Ha ha, I've had average to censored cars ever since, but that mini was something a bit special (to me, perhaps not so much the neighbours at the time!) God, I would genuinely love to have it now, as impractical as it was.
    I think I'm filling up a bit here. :lol:
    You'll be surprised that I don't get terribly nostalgic about any of the cars in that list, though the Clio has been a decent workhorse, now up to 175k, of which I've done 100k in ten years.
  • CiBCiB Posts: 6,098
    edited November 2016
    I don't like having to own cars, but admit they are useful. I'm not a snob, as you can tell from the cars I've owned over the past 35 years: Chrysler Sunbeam, Ford Escort, Ford Escort Van (diesel), Rover 414i, Renault Clio. That's it.
    Oh. So close to having a stable of the best there was at the time... Sunbeam Lotus. Escort RS anything (2, 1800, Mexico), Clio Williams. Like the rest of us, if only you'd had a few grand more to throw around, how much better could it have been. :)
  • andcpandcp Posts: 652
    veronese68 wrote:
    Like all modern cars they are very good, do they lose a bit of character as a result?
    Yes I think they do......however......as you don't have to mess with the points every three weeks, nor fill the dash pot every month, nor have the clothes pegs to make it start (younger readers ask your parents/grandparents), and have demisters that work, and windscreen wipers that work, and not have 'the Lord of Darkness' lights I'll go with a bit less character thanks!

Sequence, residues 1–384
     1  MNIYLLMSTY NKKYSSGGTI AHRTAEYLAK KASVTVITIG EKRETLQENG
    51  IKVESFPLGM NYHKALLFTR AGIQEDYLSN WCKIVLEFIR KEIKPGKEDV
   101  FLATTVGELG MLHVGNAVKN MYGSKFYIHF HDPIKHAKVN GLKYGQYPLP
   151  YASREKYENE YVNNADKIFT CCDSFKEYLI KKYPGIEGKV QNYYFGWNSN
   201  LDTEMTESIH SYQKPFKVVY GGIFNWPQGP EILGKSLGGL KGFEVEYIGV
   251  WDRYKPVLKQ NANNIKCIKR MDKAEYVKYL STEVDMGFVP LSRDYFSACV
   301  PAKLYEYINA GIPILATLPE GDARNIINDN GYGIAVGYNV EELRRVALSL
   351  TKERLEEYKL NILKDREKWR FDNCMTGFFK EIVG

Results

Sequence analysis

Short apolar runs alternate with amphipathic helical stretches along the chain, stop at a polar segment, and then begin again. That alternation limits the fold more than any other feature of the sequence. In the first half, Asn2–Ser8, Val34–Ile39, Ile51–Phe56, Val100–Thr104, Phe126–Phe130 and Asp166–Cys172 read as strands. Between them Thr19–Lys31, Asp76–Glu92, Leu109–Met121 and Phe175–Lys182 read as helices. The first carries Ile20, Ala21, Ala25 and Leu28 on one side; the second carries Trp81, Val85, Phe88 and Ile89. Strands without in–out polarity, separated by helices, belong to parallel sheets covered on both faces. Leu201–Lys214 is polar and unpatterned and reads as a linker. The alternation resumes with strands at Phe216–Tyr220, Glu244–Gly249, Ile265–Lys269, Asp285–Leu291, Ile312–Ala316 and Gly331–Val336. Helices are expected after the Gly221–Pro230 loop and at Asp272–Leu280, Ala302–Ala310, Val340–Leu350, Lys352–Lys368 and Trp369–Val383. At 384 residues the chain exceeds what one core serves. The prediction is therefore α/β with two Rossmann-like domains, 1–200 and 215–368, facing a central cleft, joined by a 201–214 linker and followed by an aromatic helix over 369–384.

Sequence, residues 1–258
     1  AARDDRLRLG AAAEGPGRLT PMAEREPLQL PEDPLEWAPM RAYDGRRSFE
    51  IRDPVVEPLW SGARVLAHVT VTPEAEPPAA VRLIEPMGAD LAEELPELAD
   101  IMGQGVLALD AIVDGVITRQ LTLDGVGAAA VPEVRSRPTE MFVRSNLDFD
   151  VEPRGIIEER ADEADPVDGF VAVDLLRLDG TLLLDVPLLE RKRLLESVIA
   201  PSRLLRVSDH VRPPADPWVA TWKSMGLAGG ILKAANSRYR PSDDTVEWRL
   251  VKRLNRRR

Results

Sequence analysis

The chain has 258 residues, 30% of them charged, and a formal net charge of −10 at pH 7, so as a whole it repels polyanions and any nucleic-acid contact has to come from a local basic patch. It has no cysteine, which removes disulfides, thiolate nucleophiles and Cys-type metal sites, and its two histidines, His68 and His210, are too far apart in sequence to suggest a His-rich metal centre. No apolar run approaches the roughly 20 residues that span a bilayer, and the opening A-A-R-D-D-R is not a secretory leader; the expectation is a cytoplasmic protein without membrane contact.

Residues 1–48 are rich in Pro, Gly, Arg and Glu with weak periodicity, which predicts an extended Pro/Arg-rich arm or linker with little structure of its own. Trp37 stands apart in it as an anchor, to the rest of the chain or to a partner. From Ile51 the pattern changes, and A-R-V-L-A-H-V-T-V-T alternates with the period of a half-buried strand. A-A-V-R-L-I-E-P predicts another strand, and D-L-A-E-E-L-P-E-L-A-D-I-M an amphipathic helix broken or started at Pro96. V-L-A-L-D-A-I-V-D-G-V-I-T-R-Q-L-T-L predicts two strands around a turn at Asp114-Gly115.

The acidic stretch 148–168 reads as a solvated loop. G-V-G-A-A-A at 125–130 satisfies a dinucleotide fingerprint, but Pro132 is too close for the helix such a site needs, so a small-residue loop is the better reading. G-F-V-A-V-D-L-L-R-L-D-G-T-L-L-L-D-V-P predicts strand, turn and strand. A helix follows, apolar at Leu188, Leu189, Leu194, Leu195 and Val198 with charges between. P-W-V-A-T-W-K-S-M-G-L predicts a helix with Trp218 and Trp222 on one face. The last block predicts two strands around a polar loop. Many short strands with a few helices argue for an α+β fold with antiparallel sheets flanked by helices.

"It must be true, it's on the internet" - Winston Churchill
  • CiB wrote:
    I don't like having to own cars, but admit they are useful. I'm not a snob, as you can tell from the cars I've owned over the past 35 years: Chrysler Sunbeam, Ford Escort, Ford Escort Van (diesel), Rover 414i, Renault Clio. That's it.
    Oh. So close to having a stable of the best there was at the time... Sunbeam Lotus. Escort RS anything (2, 1800, Mexico), Clio Williams. Like the rest of us, if only you'd had a few grand more to throw around, how much better could it have been. :)
    I did change the Sunbeam's 1.3l engine to a 1.6l... I think had I put in the Lotus engine I'd have put my foot down to pull away in a fog of burning rubber, but the engine would have launched itself out of the car and along the road all by itself. The Rover was just a pile of steaming rusty poo.
  • andcp wrote:
    veronese68 wrote:
    Like all modern cars they are very good, do they lose a bit of character as a result?
    Yes I think they do......however......as you don't have to mess with the points every three weeks, nor fill the dash pot every month, nor have the clothes pegs to make it start (younger readers ask your parents/grandparents), and have demisters that work, and windscreen wipers that work, and not have 'the Lord of Darkness' lights I'll go with a bit less character thanks!